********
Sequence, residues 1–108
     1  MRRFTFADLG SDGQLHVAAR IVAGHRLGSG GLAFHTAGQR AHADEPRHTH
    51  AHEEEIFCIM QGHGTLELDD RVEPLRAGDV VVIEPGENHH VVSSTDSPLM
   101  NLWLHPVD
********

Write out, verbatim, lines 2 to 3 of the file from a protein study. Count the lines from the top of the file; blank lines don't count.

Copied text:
     1  MRRFTFADLG SDGQLHVAAR IVAGHRLGSG GLAFHTAGQR AHADEPRHTH
    51  AHEEEIFCIM QGHGTLELDD RVEPLRAGDV VVIEPGENHH VVSSTDSPLM